Diversity, Equity and Inclusion

Assistive technology can be prohibitively expensive. This org makes it accessible

The Pennsylvania Assistive Technology Foundation provides funding for tech for people with disabilities.

Music producer Thomas Smith, who has benefited from PATF loans.

(Screenshot via Vimeo)

When producer Thomas Smith stopped working as a computer programmer a few years ago to pursue a full-time career in music, he needed technology that would allow him to work as a blind man.

“When you’re disabled, this technology is all expensive,” he told Technical.ly. “[It’s] not easy to come by.”

A loan from the King of Prussia-based Pennsylvania Assistive Technology Foundation (PATF) helped the Philly native to purchase the equipment that he needed, and to hire a sighted producer. As a community development financial institutions (CDFI), PAFT offers people with disabilities loans at very low rates. The goal is to help them access the equipment necessary to have more stable lives.

“As a blind person I may need a braille reader that costs between $500 and $5,000,” he said. “Technical equipment for the blind is expensive. Those of us that are working are fortunate, but those that aren’t working are on fixed incomes. That’s hard.”

Assistive technology can be anything that helps people with disabilities ranging from a fence in the backyard of a child with autism to visual aides for people with low vision, according to PATF CEO Susan Tachau.

“We’re trying to help people be empowered and figure out what works for them,” she said.

PAFT operates from a unique vantage point in Pennsylvania in that it is the only CDFI in the Commonwealth that lends primarily to people with disabilities. Clients determine what tools will help them, and their costs, and then they will be extended a loan at 0% interest (for loans up to $7,000) and zero fees. This ease in qualifications is designed to help borrowers with tight budgets meet their needs without, say, needing to spend their mortgage payments on technology and risking housing insecurity. As the loans get paid back, the information is reported to credit bureaus. A financial education component in collaboration with Philadelphia’s Clarifi helps PAFT teach its borrowers basic principles of healthy money management.


PAFT Communications Director Susan Daily said the pandemic has increased the need for financial options for its clients. During the past year, rescue payments to clients were extended from three to six months. An expansion in its loan program led to a 150% increase in clients, and she has also noticed an uptick in use of adapted vehicles as people have shifted away from using public transportation to get to appointments.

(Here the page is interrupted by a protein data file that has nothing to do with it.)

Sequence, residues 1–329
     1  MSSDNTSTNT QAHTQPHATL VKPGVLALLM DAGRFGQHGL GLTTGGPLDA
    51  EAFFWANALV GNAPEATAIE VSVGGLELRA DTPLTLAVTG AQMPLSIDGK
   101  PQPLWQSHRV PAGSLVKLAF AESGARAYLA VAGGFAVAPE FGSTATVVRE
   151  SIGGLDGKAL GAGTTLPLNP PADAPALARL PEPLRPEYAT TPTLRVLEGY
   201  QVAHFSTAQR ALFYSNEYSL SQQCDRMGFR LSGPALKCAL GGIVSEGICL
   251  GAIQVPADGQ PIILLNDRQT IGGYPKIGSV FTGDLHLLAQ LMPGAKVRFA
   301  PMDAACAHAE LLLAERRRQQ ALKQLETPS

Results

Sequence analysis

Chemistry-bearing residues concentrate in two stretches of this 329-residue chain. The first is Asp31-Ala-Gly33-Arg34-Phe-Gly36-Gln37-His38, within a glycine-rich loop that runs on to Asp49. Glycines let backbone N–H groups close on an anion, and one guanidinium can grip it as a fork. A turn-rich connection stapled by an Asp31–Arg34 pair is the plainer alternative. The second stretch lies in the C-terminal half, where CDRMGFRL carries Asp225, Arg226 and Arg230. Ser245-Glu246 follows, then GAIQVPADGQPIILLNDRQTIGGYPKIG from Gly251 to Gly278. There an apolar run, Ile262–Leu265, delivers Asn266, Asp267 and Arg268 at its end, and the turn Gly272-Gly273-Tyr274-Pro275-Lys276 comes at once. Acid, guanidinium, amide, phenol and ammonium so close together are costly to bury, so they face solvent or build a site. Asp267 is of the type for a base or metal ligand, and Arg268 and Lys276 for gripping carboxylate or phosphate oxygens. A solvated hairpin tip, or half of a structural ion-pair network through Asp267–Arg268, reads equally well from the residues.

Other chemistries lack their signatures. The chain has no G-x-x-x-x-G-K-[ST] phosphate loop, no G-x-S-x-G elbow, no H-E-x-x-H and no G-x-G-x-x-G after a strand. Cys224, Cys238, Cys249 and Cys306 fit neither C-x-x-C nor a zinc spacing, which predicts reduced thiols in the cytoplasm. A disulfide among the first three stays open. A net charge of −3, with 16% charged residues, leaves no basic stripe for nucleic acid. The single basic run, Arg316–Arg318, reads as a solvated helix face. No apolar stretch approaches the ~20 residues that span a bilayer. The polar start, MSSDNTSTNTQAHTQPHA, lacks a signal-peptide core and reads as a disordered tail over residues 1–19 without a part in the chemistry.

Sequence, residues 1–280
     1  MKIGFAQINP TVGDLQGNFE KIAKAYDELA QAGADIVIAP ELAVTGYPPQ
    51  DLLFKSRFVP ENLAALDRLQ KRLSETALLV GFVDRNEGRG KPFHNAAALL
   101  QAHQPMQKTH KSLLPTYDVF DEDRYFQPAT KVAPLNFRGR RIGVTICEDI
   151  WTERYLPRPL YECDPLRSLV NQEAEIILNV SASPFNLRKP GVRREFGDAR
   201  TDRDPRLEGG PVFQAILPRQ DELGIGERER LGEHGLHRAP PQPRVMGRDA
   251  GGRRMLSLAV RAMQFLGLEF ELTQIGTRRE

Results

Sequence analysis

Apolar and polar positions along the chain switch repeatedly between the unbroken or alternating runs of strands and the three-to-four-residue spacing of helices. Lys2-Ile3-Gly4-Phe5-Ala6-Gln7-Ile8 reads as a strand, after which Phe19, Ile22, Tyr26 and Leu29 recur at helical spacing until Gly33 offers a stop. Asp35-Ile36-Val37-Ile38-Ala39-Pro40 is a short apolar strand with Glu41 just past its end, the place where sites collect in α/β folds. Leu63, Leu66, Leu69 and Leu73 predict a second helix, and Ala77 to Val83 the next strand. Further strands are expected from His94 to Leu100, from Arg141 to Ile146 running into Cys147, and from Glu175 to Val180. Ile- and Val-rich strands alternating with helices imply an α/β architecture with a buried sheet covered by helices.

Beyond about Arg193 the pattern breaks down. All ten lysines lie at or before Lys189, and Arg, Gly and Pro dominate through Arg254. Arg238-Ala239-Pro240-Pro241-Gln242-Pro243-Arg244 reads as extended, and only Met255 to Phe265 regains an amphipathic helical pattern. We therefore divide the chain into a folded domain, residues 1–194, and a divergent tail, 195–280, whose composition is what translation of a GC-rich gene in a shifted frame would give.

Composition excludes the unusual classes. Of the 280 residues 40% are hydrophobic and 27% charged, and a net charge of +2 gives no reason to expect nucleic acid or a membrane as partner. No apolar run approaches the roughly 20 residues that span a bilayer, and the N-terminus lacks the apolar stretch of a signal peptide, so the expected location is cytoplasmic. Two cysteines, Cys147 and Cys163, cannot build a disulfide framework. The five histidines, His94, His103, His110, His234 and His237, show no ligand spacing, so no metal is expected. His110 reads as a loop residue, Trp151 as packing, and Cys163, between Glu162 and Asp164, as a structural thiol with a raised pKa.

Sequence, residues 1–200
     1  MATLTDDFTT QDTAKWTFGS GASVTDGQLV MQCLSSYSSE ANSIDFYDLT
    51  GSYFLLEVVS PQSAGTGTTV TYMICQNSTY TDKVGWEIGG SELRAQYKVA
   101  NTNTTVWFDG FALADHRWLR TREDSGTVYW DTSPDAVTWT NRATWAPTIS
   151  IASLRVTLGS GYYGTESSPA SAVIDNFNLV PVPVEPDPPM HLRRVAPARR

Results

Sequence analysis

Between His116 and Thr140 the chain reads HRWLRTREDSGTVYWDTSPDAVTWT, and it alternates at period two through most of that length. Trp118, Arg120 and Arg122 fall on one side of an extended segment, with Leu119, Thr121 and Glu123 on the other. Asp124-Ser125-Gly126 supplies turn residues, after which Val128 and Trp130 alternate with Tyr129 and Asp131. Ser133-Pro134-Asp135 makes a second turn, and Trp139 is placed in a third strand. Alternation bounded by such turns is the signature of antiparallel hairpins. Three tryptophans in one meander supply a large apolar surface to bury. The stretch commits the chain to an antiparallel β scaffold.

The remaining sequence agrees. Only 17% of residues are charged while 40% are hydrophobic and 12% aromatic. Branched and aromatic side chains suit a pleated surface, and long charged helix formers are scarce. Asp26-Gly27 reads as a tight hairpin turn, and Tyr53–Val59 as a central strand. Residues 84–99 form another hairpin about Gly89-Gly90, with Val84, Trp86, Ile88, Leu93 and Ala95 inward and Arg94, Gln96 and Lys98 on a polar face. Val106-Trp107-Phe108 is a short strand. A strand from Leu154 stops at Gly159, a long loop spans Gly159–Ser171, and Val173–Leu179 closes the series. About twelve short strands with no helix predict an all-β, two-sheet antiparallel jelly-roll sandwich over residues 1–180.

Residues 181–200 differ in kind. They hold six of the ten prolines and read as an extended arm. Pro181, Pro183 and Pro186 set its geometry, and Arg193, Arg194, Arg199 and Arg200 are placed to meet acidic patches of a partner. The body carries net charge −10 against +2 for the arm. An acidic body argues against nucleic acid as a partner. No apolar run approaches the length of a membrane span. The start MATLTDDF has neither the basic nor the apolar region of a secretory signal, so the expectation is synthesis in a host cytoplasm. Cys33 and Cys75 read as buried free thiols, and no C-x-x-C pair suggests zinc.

Tachau said one of the biggest ways PATF has changed the work it does with clients has been using DocuSign.

“Oftentimes, you have to get something notarized,” she said. “We use DocuSign, [which] means we can send you something and you can go where you want, because some people don’t have computers, instead of you having to go to a notary.”

A grant from The Philadelphia Foundation helped PAFT’s clients cover all small dollar loan payments for the month of November so that they could more easily prepare for the winter.

“The choices people are having to make are unimaginable,” Tachau said.

In addition to being someone who has directly benefitted from PATF’s assistance, Smith is a member of PAFT’s Generic Smart Home Technology Project Advisory Board, where he works to help other people with disabilities find optimum solutions in assistive technology. As a blind man who advocates for other blind people, he researches different assistive technology solutions and finds cost effective ways for the people he serves to receive them. He wants to pay the work forward that PATF did in helping him thrive.

“I’m not a [music mogul like] Berry Gordy, but this is what I want to do,” he said. “They got me a very low-interest loan for the technical software and hardware I needed to get my job done.”

Michael Butler is a 2020-2022 corps member for Report for America, an initiative of The Groundtruth Project that pairs young journalists with local newsrooms. This position is supported by the Lenfest Institute for Journalism. -30-
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